3 Rounds for time:
2 Power Clean @ 185/135
2 Push Jerk @ 185/135
5 Power Clean @ 185/135
5 Push Jerk @ 185/135
Taking it to the Next Level
In the next week we will be hanging up some posters describing four different fitness levels. Many CrossFit gyms have these types of posters and we thought that it might help to better guide our athletes’ training focus. For example, if you find that you are in or close to the “Advanced” level in weightlifting but still “Intermediate” in conditioning or gymnastics, you would be better served focusing on those “Intermediate” level modalities. So, if running isn’t your jam, find a way to come to more WODs that include running.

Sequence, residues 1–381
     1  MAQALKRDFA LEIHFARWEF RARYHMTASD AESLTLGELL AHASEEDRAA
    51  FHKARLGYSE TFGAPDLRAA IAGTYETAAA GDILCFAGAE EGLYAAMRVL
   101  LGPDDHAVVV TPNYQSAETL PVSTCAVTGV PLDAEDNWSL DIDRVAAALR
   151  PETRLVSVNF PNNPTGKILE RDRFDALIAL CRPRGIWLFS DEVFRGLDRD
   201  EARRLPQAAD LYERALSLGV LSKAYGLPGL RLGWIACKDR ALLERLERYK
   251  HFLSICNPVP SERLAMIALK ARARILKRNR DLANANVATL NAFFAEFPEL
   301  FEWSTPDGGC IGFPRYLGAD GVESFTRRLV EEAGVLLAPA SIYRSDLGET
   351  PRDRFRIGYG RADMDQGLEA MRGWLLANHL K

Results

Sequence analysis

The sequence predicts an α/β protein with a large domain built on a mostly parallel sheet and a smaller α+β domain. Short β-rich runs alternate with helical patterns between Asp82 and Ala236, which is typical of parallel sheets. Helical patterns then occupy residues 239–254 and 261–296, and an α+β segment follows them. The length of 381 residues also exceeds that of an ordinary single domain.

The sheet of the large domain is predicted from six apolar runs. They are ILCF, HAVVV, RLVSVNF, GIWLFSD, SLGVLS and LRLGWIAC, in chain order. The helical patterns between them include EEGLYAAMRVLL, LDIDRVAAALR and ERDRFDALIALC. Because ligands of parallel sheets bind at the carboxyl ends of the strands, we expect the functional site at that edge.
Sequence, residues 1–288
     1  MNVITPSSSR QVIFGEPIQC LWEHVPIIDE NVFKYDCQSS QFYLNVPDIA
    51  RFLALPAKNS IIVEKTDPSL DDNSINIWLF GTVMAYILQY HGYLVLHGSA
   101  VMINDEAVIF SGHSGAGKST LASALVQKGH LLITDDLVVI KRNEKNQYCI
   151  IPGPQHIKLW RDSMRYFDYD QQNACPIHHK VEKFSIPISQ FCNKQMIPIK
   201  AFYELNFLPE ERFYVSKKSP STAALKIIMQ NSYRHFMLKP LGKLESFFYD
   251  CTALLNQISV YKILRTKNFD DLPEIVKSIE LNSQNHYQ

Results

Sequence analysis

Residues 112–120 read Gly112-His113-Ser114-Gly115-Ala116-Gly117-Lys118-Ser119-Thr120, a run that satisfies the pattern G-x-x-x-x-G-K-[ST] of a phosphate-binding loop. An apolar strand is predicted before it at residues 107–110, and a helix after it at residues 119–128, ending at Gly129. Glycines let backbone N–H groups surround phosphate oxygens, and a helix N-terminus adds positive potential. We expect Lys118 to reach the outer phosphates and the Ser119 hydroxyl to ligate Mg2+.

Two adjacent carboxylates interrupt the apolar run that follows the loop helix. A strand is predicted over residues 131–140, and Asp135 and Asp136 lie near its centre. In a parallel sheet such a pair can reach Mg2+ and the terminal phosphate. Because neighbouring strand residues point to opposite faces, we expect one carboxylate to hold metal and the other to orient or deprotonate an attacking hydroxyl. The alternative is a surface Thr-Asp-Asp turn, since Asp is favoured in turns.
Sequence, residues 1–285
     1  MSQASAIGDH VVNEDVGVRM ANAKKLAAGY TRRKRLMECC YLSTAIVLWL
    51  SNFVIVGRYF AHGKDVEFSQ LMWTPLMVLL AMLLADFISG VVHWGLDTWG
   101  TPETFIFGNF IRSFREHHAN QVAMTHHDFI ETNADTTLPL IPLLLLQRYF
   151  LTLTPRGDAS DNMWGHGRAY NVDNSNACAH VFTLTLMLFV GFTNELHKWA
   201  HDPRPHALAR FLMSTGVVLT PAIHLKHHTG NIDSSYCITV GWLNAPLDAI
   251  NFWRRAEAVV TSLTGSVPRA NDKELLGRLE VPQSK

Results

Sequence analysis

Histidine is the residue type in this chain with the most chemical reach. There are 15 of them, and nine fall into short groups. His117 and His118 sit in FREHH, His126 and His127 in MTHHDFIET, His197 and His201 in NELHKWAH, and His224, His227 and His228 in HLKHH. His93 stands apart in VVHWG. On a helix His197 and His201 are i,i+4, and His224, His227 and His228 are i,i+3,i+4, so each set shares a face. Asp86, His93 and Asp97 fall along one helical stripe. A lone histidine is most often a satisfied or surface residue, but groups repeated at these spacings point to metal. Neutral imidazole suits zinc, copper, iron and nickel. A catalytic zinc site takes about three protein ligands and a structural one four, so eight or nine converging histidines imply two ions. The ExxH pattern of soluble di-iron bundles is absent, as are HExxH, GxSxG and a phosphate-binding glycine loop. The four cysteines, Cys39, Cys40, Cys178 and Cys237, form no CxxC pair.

The idea behind these charts isn’t to categorize people or use this as a way to restructure classes but to help you figure out your general strengths and weaknesses. Remember, you are only strong as your weakest link.
I know most people will want to focus on improving their weightlifting first. However, it’s important to remember where weightlifting sits on the “Theoretical Hierarchy of the Development of an Athlete.” It’s pretty high up at the top, meaning that it builds upon the foundation of your gymnastics, metabolic conditioning (your “cardio”) and nutrition. If any of those three levels are at a deficit, you are essentially spinning your wheels when trying to develop your overall fitness.
You don’t need an elaborate training schedule to fill in some of your fitness gaps. Just keep coming to class consistently, at least three days a week. Come to the classes you don’t want to do, the ones that look tough. Chances are they are exactly the ones you need to do.